FIG. 4 shows the ERF coupling element 115 (or 116) for coupling the absorber mass 113 or the auxiliary mass 114 to the vibratory mass 11 on an enlarged scale. The end plates 41, 41′ are connected to a spring bellows 42. The ERF 411 is enclosed at the sides by a diaphragm 43 and between two capacitor plates 45, 45′, which are insulated by insulators 45, 45′ and connected to an external variable voltage source 117 by power supply conductors 49, 410. An insulating spacer 47 prevents a short circuit between the plates 44 and 44′ when a voltage is applied. When a voltage is applied, the ERF 411 between the plates 44 and 44′ can be activated in squeeze mode in the case of vibration coupling of the masses 113 or 114. By means of an alternating voltage, it is possible to produce a mechanical vibration of the mass 113 which vibrates in phase opposition to a vibration of the vibratory mass 11, for example. This makes it possible to absorb mechanical vibrations. The coupling element 116 can be used to couple the auxiliary mass 114 to the absorber mass 113 in order to influence the frequency of the vibration absorption by means of the absorber mass 113. The diaphragm 43 is preferably chosen so that its stiffness makes only a negligible contribution to the stiffness of the spring.
FIGS. 6 and 7 show a variant of the spring/mass vibratory force coupler according to the invention for coupling torques. In this variant, the vibratory mass 62 is coupled to the reference mass 61 by means of the electrorheological fluids 65 and 66 in the coupling elements 67 and 68 via two torsion springs 63 and 64. FIG. 7 shows the construction of the coupling elements 67, 68. An electrical conductor 710 is passed through the shaft 73 from the sliding contact 79 to the round electrode plate 75, which is surrounded by the ERF 76 in the housing 71, 72, with electrical insulation (by the insulator 74). The shaft is mounted rotatably in bushes 77, 78 which seal off the interior containing the ERF 76. In the case of coupler 67, the shaft is connected to the vibratory mass 62, as can be seen in FIG. 6. In the case of coupler 68, the shaft is part of the torsion spring 63 and is firmly connected at its upper end to the housing wall 71 of coupling element 67. The yield strength of the electrorheological fluid 65 or 66 is controlled by means of the voltage across the electrodes 75 or 711 and the housing of the coupling elements 67 or 68 acting as the opposite pole to the electrodes 75, 711. If, for example, a voltage is applied between electrode 75 and the housing 71, 72, the electrorheological fluid 65 between the housing 71, 72 and the electrode 75 becomes highly viscous and the vibratory mass 62 is connected by the electrode 75 connected to it to the spring 63. It is likewise possible, by applying a suitable voltage between electrode 711 and the housing 68, to make the electrorheological fluid 66 between them highly viscous and to couple spring 64 to spring 63. The vibratory mass 62 is then connected for vibration to the reference mass 61 by both springs 64 and 63. The electrorheological fluids 65, 66 then serve as a coupling medium.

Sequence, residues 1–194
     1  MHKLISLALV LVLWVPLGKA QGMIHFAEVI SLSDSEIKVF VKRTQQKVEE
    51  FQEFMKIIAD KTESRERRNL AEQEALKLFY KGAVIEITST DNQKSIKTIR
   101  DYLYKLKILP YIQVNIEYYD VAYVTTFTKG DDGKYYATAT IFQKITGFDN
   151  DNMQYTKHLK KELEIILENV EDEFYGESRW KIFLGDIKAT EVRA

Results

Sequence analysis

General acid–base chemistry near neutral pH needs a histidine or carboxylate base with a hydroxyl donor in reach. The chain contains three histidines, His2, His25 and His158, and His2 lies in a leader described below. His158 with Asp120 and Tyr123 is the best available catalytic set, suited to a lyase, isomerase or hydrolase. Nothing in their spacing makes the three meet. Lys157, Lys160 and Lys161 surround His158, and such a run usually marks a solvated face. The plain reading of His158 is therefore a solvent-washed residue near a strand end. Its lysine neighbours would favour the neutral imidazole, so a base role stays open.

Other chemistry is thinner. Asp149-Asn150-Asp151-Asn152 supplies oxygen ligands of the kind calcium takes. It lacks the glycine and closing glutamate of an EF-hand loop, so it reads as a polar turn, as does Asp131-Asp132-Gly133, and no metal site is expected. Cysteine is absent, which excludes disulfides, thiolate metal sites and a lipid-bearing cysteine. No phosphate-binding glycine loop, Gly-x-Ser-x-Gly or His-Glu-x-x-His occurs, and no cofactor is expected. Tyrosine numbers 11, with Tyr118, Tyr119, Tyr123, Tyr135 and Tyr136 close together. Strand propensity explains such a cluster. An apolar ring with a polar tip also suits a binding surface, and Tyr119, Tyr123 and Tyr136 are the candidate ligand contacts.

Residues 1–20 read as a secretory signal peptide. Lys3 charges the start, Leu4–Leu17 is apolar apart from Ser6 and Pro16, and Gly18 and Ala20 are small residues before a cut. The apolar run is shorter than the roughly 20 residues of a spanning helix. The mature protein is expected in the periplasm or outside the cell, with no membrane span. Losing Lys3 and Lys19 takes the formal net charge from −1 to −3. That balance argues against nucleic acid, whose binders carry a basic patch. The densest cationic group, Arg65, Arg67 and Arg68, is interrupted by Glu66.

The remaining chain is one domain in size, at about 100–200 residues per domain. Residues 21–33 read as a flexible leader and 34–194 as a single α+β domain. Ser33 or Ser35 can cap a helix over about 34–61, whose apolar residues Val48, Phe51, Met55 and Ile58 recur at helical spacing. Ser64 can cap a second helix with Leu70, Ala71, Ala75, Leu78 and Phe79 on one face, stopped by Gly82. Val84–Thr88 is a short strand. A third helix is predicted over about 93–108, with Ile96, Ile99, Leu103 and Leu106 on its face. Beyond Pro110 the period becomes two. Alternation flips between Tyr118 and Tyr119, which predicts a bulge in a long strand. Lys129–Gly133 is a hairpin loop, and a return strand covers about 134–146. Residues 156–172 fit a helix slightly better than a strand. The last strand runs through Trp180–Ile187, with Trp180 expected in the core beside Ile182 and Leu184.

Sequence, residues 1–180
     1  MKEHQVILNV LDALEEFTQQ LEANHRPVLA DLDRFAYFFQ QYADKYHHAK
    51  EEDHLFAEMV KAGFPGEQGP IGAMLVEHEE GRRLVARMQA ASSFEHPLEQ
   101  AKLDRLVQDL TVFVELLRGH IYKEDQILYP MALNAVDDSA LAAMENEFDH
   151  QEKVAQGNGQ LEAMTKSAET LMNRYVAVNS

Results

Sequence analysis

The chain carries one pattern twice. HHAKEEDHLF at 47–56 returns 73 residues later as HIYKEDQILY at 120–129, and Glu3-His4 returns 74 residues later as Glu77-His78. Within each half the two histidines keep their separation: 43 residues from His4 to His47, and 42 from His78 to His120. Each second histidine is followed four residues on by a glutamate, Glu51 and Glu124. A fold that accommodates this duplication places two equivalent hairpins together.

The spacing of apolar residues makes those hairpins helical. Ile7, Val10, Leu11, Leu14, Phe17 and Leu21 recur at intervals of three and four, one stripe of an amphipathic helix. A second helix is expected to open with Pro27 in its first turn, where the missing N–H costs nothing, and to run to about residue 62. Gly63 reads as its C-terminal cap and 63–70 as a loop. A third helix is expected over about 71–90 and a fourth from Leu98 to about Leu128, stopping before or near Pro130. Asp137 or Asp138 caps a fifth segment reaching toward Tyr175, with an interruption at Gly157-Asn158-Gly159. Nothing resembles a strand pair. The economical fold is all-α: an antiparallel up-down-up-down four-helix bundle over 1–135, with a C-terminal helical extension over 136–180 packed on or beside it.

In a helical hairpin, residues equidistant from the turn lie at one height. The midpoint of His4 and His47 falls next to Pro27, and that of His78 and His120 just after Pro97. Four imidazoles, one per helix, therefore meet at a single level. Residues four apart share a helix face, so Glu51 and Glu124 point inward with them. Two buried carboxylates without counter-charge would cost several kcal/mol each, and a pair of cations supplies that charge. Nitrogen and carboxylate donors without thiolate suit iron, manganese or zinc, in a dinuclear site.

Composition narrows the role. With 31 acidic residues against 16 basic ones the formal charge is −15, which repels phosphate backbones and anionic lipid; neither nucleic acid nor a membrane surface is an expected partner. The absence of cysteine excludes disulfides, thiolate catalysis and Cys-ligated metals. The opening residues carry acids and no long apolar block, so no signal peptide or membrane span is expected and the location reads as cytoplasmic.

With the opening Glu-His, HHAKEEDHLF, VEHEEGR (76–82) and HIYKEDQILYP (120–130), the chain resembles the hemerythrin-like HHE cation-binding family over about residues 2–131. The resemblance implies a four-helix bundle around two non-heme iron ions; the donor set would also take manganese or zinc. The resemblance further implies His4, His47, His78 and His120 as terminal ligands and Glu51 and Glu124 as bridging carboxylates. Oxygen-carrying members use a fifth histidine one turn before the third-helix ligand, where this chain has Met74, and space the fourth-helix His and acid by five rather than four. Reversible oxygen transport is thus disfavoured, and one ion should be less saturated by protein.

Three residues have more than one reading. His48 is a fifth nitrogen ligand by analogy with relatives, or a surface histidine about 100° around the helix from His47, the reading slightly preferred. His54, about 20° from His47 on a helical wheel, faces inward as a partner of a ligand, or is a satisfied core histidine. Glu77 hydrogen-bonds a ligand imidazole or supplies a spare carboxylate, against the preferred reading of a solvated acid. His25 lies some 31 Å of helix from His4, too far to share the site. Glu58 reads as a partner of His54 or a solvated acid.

FIG. 8 illustrates the use of the spring/mass vibratory force coupler in accordance with the invention with reference to a modified hydroactive spring system for motor vehicles. Mechanical vibrations and shocks transmitted to the wheels of the running gear by irregularities in the roadway are transmitted to the pistons 84 and 84′ by the wheel suspension mechanism of the running gear (not shown) and the piston rods 85 and 85′, respectively, connected thereto. The pistons 84, 84′ are provided with sliding seals 97 and force an electrorheological fluid 83, 83′ used as a hydraulic oil through ERF valves 86, 86′ into the chamber of the gas-pressure springs 81, 81′, in which a gas-pressure space 92 is separated from the hydraulic fluid 94 by diaphragms 93 (see FIG. 9). The electrode gap 911 is situated between the capacitor plate 99 and the housing 910 of the valves 86 and 86′, to which an electrical voltage can be applied in order to control the viscosity of the ERF. An insulator 912 prevents electrical breakdowns to the housing wall. An additional gas-pressure spring 82 can be connected to the hydraulic side of the pistons 84 and 84′ by additional electrorheological valves 87 and 87′ and corresponding feedlines 98. A sensor 810, which can detect irregularities in the roadway, is used to influence the voltage across the capacitor plates of the dampers 86, 86′ and 87, 87′. The control voltage of the sensor can likewise be used to activate or deactivate the additional pneumatic springs 82.
 An additional fluid supply unit (not shown) with a pump for regulating the pressure level of the fluid in the hydraulic system can be connected to the hydraulic system.
 When a magnetorheological fluid is used as the hydraulic fluid in the spring/mass vibratory force coupler, the electrorheological valves 86, 86′ and 87, 87′ are replaced by MRF valves, as shown in FIG. 5, in the system shown in FIG. 8.